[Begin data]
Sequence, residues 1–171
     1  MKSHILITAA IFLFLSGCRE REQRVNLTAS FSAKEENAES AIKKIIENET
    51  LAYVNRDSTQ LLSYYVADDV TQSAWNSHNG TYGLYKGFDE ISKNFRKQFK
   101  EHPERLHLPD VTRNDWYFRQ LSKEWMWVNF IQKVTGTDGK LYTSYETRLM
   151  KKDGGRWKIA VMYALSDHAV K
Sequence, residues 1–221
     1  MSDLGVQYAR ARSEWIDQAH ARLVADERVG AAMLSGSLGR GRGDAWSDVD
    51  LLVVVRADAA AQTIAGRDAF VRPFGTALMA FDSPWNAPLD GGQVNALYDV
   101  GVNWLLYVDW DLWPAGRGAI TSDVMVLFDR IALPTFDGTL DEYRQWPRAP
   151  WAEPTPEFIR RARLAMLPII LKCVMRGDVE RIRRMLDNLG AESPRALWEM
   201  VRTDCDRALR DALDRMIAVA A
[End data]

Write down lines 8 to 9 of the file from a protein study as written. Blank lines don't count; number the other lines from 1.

    51  LLVVVRADAA AQTIAGRDAF VRPFGTALMA FDSPWNAPLD GGQVNALYDV
   101  GVNWLLYVDW DLWPAGRGAI TSDVMVLFDR IALPTFDGTL DEYRQWPRAP